Sun Flowers went so far as to inform her teenage child that grades are highly overrated, except of course for eggs. Mom and dad both felt the same way about jobs.

Wild Flowers believes heavily in a conspiracy theories revolving around work, so he avoids the stuff like a plague. Wild seems to be THE role model for this new generation!

Wild Flowers with his old lady, Sun. Honey was an unplanned late child.


“For three years this school was a big part of my life. The red and white brick building had to be for others as well.”

I decided to write this mainly out of finding nobody else seems to have composed anything about Reese Elementary School. If they did – I never found it. For three years this school was a big part of my life. The red and white brick building had to be for others as well.

This project will constantly be revised. What information I have took several days to compile. I own yearbooks from 4th and 5th grade, lacking a 6th grade book because we left school early that year. They were supposed to mail it but somehow the photo album never arrived in Alaska.

I’ll go ahead and publish unedited with flaws and typos on WordPress, as it might be several months before I get back to updating. Hopefully someone out there having attended Reese will find it useful.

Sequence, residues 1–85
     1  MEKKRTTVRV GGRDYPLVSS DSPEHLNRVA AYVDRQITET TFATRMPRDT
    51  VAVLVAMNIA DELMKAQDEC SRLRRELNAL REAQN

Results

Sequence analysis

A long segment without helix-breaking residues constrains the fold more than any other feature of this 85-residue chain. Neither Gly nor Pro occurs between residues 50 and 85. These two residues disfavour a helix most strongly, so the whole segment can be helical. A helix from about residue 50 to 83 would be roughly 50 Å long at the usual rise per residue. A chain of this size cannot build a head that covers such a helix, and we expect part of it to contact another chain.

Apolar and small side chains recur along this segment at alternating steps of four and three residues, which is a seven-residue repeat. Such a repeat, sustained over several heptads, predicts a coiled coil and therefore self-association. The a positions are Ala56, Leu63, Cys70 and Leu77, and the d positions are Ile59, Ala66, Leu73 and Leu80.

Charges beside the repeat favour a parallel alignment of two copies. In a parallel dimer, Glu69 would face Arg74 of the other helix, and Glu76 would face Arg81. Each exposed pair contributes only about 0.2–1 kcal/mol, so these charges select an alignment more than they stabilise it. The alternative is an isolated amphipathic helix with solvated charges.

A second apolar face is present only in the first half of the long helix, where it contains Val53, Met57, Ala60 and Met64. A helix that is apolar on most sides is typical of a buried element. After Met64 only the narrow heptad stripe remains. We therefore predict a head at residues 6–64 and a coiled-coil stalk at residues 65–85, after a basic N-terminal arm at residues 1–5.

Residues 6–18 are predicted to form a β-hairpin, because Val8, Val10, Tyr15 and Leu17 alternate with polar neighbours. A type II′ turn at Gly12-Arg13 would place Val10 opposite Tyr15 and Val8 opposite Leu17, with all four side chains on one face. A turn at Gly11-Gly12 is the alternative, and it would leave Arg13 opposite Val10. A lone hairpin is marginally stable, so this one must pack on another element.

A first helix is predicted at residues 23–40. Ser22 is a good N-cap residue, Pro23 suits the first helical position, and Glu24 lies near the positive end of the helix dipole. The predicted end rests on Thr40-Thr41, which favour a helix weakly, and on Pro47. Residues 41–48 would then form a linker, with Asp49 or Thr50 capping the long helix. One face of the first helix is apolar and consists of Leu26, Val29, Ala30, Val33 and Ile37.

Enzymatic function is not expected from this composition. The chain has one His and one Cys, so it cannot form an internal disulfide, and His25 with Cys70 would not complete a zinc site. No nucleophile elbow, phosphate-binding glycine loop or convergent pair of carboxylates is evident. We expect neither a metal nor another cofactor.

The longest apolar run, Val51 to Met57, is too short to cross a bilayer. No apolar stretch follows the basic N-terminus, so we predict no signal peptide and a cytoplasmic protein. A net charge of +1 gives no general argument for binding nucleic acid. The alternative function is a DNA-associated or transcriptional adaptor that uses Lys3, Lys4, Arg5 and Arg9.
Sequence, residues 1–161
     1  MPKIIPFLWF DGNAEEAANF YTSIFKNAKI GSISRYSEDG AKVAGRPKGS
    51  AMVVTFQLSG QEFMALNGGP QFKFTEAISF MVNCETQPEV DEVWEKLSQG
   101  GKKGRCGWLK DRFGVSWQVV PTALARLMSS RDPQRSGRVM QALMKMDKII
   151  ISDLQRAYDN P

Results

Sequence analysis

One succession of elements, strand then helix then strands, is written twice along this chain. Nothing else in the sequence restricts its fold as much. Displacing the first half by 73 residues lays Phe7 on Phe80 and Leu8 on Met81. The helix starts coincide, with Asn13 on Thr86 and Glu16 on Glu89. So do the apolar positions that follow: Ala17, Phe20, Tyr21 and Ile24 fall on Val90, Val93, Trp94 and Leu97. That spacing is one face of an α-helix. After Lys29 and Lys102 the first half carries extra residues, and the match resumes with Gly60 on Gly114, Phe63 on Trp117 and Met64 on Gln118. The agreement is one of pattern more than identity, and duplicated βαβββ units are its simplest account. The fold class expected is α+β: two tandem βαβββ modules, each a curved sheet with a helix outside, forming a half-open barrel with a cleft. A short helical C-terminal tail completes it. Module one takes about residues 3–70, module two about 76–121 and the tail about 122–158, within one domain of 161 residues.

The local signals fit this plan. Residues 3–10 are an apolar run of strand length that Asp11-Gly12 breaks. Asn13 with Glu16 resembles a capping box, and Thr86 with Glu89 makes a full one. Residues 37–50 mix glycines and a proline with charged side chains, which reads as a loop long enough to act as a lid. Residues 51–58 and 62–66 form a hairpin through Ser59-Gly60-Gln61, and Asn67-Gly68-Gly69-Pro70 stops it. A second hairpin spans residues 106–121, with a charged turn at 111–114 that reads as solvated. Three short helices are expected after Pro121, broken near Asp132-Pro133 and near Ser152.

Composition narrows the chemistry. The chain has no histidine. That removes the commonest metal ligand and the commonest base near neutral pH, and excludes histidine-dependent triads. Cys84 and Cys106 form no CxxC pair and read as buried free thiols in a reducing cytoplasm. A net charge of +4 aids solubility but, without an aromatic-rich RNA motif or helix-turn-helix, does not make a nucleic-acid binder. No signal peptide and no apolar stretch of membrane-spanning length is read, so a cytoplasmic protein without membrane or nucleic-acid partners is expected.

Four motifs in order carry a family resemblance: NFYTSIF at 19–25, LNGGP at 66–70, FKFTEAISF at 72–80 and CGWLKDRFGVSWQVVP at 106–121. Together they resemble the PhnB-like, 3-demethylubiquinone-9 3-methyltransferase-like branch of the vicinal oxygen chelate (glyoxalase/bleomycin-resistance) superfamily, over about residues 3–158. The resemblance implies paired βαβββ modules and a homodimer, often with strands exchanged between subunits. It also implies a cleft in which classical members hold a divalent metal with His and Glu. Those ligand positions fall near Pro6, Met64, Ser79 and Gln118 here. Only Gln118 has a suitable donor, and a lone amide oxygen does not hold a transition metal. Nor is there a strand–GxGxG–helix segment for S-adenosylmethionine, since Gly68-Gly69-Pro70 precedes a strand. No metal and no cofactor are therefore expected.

My family moved from Selma, Alabama to a small trailer park located on Reese Air Force Base, the spring of 1963. Mom told friends and family back south that we were in Lubbock, but actually Reese A.F.B. was a part of Wolfforth, Texas. Most of that summer was spent getting acquainted with things before school began. I entered fourth grade that fall.

Located just across from our trailer was a section of asphalt used for aircraft. Some nights and early mornings, airplane mechanics would bring the T-33 trainers out to that area to test engines. The on and off roar of jet engines would last for hours. I never got used to it. I’m sure not sleeping some nights because of this noise, along with staying up late at night reading The Hardy Boys mystery series didn’t help in my studies.